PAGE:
* Since GDM female larvae die (presumably on the plant), farmers (conventional or organic) could experience large amounts of dead larvae on the plants, possibly resulting in market rejection of NY-grown brassicas and threatening export markets.


There are no appropriate bio-security measures in place that can protect those who do not wish to expose themselves to GDM. Windblown moths can be dispersed hundreds/thousands of miles from where they emerge.

* When male GDM spread outside the trial site, breeding and release of large numbers could lead to a resistance to the female lethality trait. The GDM might encounter sufficient tetracycline in the environment to allow them to survive and breed.

* The developers have not investigated how the insects might mutate and evolve as releases continue.

* Organic and other farmers who do not wish to have GDM on their crops will not be protected from spread of GDM to their fields. No measures have been put in place to establish liability and responsibility for contamination by GDM.

Background to the plan

The GM diamondback moth was developed by the British GMO insect developer firm Oxitec Ltd to reduce the population of this species, which is a pest to Brassica family plants. In 2014 Oxitec received a permit from USDA APHIS to allow the first world-wide efficacy trials of this moth in New York State by Dr Anthony Shelton, Cornell University.

The world’s first GDM trials began in 2015 under netted cages at Cornell University’s Geneva Experiment Station.

The permit granted by USDA/APHIS allows for 3 years of open (non-netted) trials, releasing up to 1.44 million male GDM per year.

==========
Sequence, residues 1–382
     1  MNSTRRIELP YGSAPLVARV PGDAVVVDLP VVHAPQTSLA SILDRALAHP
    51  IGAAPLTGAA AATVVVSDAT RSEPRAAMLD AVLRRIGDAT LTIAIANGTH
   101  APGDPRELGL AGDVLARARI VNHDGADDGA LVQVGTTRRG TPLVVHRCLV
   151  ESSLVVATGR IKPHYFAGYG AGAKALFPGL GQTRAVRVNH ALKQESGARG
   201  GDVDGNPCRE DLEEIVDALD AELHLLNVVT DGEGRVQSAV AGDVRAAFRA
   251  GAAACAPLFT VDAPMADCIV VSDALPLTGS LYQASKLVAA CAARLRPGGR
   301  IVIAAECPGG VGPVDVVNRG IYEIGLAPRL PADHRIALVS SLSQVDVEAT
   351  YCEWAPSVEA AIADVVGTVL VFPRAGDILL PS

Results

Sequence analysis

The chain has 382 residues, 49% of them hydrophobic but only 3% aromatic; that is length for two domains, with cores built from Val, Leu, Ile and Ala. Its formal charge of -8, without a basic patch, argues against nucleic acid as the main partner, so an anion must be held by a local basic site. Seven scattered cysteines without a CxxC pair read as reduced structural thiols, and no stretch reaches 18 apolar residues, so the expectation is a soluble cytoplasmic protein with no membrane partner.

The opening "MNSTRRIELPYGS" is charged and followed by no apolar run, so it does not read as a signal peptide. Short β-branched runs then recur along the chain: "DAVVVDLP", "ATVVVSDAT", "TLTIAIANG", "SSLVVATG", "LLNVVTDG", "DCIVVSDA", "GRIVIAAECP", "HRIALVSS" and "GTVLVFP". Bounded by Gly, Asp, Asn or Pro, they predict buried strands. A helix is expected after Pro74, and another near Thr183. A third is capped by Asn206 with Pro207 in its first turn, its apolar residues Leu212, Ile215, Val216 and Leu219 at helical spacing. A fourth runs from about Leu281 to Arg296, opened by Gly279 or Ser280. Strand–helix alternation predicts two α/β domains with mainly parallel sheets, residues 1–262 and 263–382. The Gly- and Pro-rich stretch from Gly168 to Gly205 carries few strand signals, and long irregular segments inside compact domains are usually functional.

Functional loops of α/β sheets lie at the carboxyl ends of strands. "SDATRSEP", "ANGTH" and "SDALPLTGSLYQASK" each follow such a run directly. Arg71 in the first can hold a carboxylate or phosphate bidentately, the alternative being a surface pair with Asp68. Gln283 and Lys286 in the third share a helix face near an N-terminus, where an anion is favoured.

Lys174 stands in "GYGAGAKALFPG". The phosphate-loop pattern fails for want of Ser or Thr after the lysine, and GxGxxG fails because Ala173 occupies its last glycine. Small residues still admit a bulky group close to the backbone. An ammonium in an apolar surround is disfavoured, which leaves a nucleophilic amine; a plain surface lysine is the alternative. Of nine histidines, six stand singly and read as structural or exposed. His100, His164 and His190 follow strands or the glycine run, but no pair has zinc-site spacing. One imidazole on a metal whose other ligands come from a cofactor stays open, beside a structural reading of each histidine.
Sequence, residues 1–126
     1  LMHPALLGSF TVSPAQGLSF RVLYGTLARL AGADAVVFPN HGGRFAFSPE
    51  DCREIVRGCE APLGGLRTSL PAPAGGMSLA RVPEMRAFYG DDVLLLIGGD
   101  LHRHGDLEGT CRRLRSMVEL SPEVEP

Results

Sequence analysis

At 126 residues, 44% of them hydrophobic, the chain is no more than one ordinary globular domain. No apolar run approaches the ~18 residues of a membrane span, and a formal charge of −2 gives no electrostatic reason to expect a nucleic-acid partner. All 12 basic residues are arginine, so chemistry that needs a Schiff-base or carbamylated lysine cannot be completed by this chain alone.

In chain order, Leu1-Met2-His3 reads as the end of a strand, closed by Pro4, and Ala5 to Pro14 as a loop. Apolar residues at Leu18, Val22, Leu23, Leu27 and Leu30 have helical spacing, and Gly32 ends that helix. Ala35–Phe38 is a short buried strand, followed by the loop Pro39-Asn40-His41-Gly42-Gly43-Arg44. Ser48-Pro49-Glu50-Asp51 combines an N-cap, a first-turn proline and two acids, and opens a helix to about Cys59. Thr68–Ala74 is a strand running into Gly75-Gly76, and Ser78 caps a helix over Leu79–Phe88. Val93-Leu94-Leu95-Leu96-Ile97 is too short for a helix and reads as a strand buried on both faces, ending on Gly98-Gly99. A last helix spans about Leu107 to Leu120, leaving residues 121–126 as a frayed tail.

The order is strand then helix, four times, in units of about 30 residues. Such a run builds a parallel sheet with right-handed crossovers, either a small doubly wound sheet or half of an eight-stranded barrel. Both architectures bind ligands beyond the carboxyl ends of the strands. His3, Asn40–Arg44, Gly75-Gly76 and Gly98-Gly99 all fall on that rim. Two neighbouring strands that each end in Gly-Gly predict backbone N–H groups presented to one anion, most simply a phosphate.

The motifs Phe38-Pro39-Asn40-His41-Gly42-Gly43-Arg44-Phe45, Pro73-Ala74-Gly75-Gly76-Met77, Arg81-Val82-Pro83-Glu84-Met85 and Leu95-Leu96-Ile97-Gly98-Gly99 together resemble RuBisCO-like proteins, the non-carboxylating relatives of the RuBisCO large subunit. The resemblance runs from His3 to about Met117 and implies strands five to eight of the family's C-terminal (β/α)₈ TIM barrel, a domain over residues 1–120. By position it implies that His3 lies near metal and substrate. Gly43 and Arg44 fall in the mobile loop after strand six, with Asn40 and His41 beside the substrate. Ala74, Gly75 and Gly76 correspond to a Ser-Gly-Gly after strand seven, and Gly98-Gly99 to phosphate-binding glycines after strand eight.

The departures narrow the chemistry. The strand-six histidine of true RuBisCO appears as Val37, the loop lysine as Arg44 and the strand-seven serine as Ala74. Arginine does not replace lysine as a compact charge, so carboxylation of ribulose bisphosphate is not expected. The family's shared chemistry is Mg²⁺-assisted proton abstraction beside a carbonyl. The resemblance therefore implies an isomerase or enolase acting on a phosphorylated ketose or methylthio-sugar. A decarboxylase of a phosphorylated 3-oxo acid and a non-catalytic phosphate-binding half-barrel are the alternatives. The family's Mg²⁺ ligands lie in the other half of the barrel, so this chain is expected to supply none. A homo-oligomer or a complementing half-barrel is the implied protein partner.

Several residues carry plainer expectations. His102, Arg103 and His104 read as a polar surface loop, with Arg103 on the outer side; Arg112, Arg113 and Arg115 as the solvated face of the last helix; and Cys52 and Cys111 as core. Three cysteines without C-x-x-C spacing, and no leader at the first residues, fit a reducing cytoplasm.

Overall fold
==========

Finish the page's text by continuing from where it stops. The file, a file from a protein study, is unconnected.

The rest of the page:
Diamondback moths are a serious pest to the Brassica family of plants in the southern US, UK, parts of Europe, South and Southeast Asia, Australia, New Zealand and Africa, although not particularly in New York State.

The purpose of this new GM insect is to reduce pest populations of diamondback moths through engineering a new female lethality trait (female larvae die, and males go on to reproduce until the population is destroyed) into male GDM.

Concerns include the contamination of crops with female GM larvae, which die while feeding on the crop, and impacts of this single-species approach on other pests which could cause increases in their numbers.

How is it supposed to work?

Male GDM are produced in the laboratory with fluorescence and ‘female lethality’ traits. The lethality trait is turned off by a tetracycline switch, so the insects can be bred to adulthood by feeding them on this antibiotic. Multiple thousands of male GDM are repeatedly released into the field and mate with wild females who produce eggs which are laid on the brassica. Larvae develop and the GDM female larvae die. The GDM males pupate to continue the cycle and surviving GDM males, along with repeated additional releases of GDM males, suppress the numbers of wild diamondback moths. This takes six weeks or more in laboratory experiments.

In order to significantly affect the moth lifecycle, up to 100,000 male GDM will be released from the lab weekly for up to 4 months. There may also be a release of non-GE moths if there are not enough naturally existing. The release of male GDM must be in numbers an order of magnitude greater than wild moths in order for the GDM to overtake the wild ones. The release rate is unknown at this time, but numbers from 4X to 50X have been used in trials of other GM insects.

With thanks to NOFA-NY (Northeast Organic Farming Association of New York) for their information sheets:
General fact sheet https://www.nofany.org/files/GDM_FACT_SHEET_v._1-10-16.pdf
Farmers’ fact sheet https://www.nofany.org/files/FARMERS_GDM_Info_SheetREVISED.pdf

Read the full article at GM Watch